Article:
Pittsburgh-based health insurer UPMC Health Plan decided to start calling its customers to remind them of appointments and let them know what they might owe. (Photo: iStock)

Insurance companies have never had a good reputation for customer service.

No matter what type of insurance, the fact that their profit comes from giving their customers fewer services makes it hard for people to perceive their insurer as an ally.

Related: Insurers threaten double-digit rate jumps in several states

A poll last year by the Kaiser Family Foundation found that only 44 percent of Americans had a favorable view of health insurance companies, a favorability rating comparable to that of drug companies but, in a depressing silver lining, far superior to the presidential nominees of both major parties this year.

A feature story by Modern Healthcare describes the challenges that some customers face in dealing with insurers, highlighting the story of a Kentucky woman, Cindi Rountree, who took a chance on a now-defunct insurance co-op that popped up in the state as a result of the Affordable Care Act.

The insurance was recommended by a broker and in terms of dollar and cents, it made sense. But it soon became clear that Kentucky Health Cooperative, which was the subject of 4,000 consumer complaints in its two years of operation, kept its prices low by skimping heavily on customer service — or trying to scam its members into paying for services that the insurer was supposed to cover.

Related: Insurers battle Republicans over ACA reinsurance program

Accountability for insurers that don’t fill their obligation to customers can be slow. The state of Washington just levied a $750,000 fine on two insurers — Regence BlueShield and Asuris Northwest — over a surge of customer issues that occurred in 2010 and 2011.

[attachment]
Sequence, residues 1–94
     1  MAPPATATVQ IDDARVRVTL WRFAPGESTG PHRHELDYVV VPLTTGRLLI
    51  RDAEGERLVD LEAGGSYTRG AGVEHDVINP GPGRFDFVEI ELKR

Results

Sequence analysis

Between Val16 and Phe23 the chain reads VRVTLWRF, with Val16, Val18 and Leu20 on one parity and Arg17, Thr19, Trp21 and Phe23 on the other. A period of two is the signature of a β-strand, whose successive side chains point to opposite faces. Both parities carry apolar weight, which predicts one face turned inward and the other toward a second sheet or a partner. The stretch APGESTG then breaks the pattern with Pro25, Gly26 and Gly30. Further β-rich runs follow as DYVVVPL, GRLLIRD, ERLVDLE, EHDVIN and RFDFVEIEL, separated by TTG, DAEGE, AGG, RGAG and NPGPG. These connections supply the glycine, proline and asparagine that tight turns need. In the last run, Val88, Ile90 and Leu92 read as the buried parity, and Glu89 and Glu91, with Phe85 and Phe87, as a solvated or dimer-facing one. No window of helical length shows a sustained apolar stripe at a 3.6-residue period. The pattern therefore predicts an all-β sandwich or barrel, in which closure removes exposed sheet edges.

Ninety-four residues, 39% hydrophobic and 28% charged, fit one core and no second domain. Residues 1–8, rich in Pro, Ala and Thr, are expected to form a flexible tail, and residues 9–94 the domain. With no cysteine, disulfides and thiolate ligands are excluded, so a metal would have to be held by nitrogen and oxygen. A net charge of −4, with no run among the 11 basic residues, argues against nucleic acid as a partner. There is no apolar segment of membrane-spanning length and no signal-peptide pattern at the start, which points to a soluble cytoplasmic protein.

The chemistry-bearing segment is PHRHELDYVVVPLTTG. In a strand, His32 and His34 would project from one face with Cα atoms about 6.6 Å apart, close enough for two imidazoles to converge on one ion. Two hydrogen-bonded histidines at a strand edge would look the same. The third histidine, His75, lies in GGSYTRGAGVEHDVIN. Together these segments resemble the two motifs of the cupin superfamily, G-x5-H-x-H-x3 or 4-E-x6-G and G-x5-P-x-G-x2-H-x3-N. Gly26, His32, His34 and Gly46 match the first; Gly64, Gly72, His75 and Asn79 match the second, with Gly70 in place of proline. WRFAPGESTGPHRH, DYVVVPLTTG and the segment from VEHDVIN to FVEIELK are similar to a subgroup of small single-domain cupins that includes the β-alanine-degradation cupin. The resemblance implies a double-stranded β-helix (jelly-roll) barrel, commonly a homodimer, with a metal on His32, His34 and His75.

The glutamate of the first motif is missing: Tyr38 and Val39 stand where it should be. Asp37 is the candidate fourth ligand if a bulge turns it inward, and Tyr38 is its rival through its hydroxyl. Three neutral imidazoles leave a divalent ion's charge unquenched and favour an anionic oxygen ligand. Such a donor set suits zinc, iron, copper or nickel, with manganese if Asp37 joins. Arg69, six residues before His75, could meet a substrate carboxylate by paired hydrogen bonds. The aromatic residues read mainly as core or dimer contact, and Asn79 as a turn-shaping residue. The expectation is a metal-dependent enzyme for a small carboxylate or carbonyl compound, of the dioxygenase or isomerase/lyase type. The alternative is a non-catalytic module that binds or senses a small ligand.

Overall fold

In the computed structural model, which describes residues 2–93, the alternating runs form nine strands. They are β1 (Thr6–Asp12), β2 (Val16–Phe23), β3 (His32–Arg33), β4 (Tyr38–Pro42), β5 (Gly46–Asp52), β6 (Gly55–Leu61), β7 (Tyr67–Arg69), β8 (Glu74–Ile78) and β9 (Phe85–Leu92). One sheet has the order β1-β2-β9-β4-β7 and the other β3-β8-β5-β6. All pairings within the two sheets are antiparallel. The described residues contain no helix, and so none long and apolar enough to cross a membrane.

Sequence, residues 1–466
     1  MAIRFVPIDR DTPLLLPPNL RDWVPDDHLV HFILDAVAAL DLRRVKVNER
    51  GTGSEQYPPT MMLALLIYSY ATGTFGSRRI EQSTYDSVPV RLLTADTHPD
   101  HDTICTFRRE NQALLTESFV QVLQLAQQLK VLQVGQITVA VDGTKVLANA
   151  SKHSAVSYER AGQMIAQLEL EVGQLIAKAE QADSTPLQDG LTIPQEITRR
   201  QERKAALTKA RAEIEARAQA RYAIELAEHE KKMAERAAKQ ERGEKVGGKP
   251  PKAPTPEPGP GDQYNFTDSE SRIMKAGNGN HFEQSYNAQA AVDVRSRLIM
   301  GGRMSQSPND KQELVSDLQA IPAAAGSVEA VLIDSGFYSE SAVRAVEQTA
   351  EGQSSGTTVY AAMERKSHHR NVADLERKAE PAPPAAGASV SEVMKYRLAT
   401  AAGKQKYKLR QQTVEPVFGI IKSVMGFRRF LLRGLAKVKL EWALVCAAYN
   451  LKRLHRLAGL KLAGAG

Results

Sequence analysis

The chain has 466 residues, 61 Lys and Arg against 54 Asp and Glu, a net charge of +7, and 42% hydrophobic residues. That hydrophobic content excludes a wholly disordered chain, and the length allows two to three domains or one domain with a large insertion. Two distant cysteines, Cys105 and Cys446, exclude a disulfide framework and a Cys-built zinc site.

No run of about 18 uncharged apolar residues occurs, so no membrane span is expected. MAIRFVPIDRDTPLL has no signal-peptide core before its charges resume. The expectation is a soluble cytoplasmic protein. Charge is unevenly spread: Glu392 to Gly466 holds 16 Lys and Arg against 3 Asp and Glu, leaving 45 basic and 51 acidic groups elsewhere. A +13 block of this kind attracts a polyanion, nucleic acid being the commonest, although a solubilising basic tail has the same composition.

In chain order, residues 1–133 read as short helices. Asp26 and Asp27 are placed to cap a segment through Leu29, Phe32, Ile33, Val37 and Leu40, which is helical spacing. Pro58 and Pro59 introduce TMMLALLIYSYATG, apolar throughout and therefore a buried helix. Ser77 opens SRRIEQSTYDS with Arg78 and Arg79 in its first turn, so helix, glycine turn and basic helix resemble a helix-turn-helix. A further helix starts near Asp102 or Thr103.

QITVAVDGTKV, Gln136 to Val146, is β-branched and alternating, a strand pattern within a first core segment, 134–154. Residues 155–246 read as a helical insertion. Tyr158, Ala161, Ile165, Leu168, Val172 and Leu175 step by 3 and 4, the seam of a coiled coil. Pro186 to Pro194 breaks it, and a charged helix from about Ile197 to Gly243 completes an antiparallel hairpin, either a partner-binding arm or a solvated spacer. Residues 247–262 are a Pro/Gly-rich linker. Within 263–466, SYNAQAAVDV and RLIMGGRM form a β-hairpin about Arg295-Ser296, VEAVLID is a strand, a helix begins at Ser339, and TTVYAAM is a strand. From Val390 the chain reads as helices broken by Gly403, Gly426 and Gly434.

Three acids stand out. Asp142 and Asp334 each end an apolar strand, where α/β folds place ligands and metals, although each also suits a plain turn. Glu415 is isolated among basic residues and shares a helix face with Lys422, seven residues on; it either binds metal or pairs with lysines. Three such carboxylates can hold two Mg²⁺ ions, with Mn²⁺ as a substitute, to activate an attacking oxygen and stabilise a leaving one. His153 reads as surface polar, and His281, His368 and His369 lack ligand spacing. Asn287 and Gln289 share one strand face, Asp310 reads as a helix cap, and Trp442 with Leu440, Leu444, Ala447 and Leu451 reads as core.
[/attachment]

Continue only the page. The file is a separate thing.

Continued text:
In North Carolina, justice was swifter. The state announced a whopping $3.6 million fine last week for Blue Cross Blue Shield of North Carolina over a major mismanagement of its health plans. According to the state, 25,000 of the insurer’s customers were enrolled in plans that they had never signed up for or had incorrect amounts of money withdrawn from their bank accounts. The insurer attributed the problems to tech failures and said that it had also paid $11.3 million in restitution to its members.

Some insurers, of course, are taking steps to distinguish themselves from the field.

CDPHP, an insurer in New York state, for instance, has earned high customer satisfaction ratings by offering doctors financial incentives to have longer hours.

Related: How insurers are targeting millennials

UPMC Health Plan, based in Pittsburgh, developed a novel idea: Call customers before they call you. The company made 800,000 calls to customers last year informing them of upcoming appointments and alerting them to what they will owe, if anything.